Source: Scott Moloney, owner, Treat Dreams and Wicked Donuts
Writer: Kim North Shine

Throwback barber shop in Wyandotte cuts traditional and urban 'dos

The generous 1950s era barber chairs, antique-styled signs and jars, hot lather shaves, pompadours and other old-school styles speak to Cream Barber and Shop's love for the barber shop of yesterday.

But the hair designs -- shaving and cutting hair close enough to the scalp to leave shapes and pictures -- reveal the modern talents at the new downtown Wyandotte business that opened several weeks ago at 537 Eureka. The opening was celebrated Oct. 10 with a ribbon cutting with dignitaries and a gigantic pair of shears.

Owner Wesley Napier, AKA West, thinks the two worlds can combine for success and he hopes Cream will become a local favorite for regular cuts and a destination for what he calls urban designs.

"Barber shops in the last 20 years have lost their true meaning," he says. "We are setting the standard for metro Detroit of what true barbering should be."

The "shop" in the name refers to merchandise like hair products, clothing and retro Nike Air Jordans.

Source: Wesley Napier, owner Cream Barber & Shop
Writer: Kim North Shine


Former NFL'ers son inspires sporty Kute Kids Boutique



Kute Kids Boutique
, an online store that customizes sports-themed clothes and accessories for kids -- and even dogs -- is carving out an online niche of customers, from Detroit Lions and Detroit Pistons players to the everyday sports fan watching teams at home.

"Lions' players' wives have ordered things," says co-owner and marketer Sherrie Handrinos, who is also the president of Boost One Marketing. "Pistons staff cleared out our gear in like 10 minutes."

Michigan and Michigan State fans are plentiful, as are orders for teams from out-of-state.

The mother-daughter-run online store went live several weeks ago and quickly got a following of people wanting to dress up their kids on game days -- or any day.

Handrinos, a Royal Oak resident, and her mom, Mary Anne Pacheco, a seamstress from Plymouth, have worked together since Handrinos was 19 and "we work together so well," she says. They also collaborate on Boost One Marketing, a marketing and public relations business.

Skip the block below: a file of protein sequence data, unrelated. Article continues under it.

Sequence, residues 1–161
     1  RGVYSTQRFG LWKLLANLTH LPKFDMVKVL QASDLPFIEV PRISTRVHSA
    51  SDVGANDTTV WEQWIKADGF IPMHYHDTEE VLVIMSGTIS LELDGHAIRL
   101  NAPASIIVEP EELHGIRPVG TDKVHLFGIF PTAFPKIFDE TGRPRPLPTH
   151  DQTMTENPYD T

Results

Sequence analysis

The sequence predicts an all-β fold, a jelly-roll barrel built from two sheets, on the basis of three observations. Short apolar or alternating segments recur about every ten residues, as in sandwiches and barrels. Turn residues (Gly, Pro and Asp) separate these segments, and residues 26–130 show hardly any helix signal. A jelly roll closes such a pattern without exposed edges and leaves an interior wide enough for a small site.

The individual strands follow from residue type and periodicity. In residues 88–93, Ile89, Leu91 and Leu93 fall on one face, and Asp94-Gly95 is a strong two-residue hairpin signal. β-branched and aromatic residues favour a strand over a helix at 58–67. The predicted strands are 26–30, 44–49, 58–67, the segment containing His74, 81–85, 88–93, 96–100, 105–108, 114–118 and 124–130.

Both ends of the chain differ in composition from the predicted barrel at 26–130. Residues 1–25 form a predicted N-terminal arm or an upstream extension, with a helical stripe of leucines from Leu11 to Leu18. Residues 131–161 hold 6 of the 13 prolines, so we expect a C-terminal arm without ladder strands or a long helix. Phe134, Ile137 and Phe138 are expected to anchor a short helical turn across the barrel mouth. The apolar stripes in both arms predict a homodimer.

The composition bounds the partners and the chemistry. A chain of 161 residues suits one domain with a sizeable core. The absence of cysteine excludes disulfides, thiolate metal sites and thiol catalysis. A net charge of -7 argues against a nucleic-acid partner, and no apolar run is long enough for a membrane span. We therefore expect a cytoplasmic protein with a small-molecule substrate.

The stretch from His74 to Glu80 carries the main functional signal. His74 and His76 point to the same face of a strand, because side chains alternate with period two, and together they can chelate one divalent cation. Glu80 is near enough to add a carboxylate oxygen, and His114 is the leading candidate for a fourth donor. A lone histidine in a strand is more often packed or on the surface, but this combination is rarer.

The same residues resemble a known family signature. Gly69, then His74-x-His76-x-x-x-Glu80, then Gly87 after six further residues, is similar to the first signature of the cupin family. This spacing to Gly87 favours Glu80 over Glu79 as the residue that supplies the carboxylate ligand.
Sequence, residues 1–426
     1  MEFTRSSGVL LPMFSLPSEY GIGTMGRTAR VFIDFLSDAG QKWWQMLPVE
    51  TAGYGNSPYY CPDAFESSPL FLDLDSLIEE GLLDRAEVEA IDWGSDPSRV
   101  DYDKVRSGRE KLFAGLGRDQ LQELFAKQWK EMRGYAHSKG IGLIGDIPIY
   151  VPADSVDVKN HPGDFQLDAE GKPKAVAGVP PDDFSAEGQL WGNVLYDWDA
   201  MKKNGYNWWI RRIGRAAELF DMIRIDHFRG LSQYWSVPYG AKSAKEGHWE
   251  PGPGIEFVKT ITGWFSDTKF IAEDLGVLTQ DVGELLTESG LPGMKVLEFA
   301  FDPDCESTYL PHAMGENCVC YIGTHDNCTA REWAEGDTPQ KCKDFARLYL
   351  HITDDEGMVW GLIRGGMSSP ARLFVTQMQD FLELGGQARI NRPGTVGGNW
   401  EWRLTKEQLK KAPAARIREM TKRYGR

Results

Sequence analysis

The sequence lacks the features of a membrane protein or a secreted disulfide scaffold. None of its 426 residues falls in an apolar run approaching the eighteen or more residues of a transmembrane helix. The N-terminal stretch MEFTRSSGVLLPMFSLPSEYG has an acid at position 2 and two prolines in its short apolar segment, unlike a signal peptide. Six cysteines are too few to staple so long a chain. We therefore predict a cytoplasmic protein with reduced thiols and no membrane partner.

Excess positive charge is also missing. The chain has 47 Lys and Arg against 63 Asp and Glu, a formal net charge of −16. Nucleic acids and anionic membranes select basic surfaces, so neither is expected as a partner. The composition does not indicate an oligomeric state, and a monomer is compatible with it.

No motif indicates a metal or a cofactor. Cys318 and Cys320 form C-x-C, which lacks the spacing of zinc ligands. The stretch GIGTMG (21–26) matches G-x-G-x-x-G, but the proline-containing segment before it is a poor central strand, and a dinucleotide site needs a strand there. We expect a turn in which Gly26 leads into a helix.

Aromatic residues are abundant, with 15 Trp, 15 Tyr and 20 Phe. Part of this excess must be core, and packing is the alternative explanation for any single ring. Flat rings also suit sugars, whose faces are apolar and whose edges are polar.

"When I was little my mom would make my clothes…She's the one who knows how to do that stuff," says Handrinos. "I'm the creative one. I come up with the crazy ideas and make it happen…It's not really our main business, it's just something we love so much."

Kute Kids was inspired by Handrinos's godson, Kingston Williams, son of Derrick Williams, a third-round draft pick from Penn State who played for the Detroit Lions before moving to the Pittsburgh Steelers.

"Over the past two years I would call my mom and say could you make Kingston this…every time he'd change his jersey number…We'd make bibs, blankets, outfits to match."

Kingston is now two and his dad has left football, but the clothes and other kids' stuff he inspired carry on.

Kute Kids will add detail -- names, numbers, etc. -- to items made by Pacheco and to other products: blankets, diaper covers, onesies, bibs, etc.

Social media, especially Instagram, has been a sales driver. After Handrinos posted a photo of her and Pacheco's Maltese dogs dressed as footballs, inquiries from pet owners wanting outfits for their animals "were coming in within five minutes," says Handrinos.

"I can't say enough about the power of social media," she says. "We may some day want a store or to put our merchandise in a store, but for now with people being so comfortable with online shopping...the online store is working out great."

Source: Sherrie Handrinos, co-owner Kute Kids Boutique and president Boost One Marketing
Writer: Kim North Shine

Lark & Co. revives the old general store in new Birmingham spot

The vision for Michael Collins and David Zawicki's new Lark & Co. in downtown Birmingham is modern day general store.

The pair who previously ran Oliver's Trendz, a women's accessories store, in the same storefront at 138 N. Maple.  After shutting down for renovations, they reopened nearly two weeks ago and have stocked the 1,100-square-foot space with products inspired by a 1940s general store.

Variety is the name of the game: handmade candy, furniture, foodstuffs, lighting, purses, speciality soaps, rugs, books.

Collins and Zawicki have lived in Birmingham 17 years and see a general store as a way to round out downtown Birmingham's retail offerings, a way to keep locals from leaving town to shop.

Next door to Lark & Co. is Suhm-thing, a gift store that is also owned and operated by Collins and Zawicki and has a a selection of Michigan goods and unusual items from artists and designers around the world.

Part of the their business plan is also to convey how much good supporting a local merchant can do for the economy and to set them themselves apart by providing a level of service that's harder to find at chains, malls and big box stores, Collins says.

Source: Ed Nakfoor, Birmingham PSD, and Michael Collins, owner, Lark&Co.
Writer: Kim North Shine

Ferndale-based Schramm's meets the need for mead

A decade since Ken Schramm started on the path to becoming one of Michigan's -- if not the country's -- mead authorities, he has opened his own meadery and bar.

Schramm's Mead served its first customers Sept. 26 and celebrated with a grand opening party last Friday. After some unexpected hurdles, there was all the more reason to whoop it up.